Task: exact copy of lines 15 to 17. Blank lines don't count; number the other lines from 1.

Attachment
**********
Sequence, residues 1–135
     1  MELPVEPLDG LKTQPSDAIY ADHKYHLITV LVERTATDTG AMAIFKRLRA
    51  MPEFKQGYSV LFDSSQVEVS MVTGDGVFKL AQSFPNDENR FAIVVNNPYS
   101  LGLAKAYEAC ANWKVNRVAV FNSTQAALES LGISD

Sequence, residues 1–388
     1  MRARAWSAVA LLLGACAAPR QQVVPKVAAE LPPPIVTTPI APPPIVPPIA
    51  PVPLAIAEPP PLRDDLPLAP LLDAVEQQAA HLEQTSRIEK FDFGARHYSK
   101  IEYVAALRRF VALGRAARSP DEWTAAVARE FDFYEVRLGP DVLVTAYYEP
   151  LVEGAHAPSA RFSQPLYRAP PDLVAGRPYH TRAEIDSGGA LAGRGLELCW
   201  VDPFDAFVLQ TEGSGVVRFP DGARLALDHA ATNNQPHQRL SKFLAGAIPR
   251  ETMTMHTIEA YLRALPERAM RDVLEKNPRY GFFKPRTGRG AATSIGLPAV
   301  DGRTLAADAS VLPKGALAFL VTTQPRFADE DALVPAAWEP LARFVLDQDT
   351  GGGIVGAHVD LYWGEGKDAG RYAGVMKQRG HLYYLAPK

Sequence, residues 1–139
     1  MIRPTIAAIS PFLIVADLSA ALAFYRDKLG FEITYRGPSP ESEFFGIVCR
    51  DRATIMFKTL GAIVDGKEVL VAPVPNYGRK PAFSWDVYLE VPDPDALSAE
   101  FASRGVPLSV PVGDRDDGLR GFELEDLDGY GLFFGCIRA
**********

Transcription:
     1  MIRPTIAAIS PFLIVADLSA ALAFYRDKLG FEITYRGPSP ESEFFGIVCR
    51  DRATIMFKTL GAIVDGKEVL VAPVPNYGRK PAFSWDVYLE VPDPDALSAE
   101  FASRGVPLSV PVGDRDDGLR GFELEDLDGY GLFFGCIRA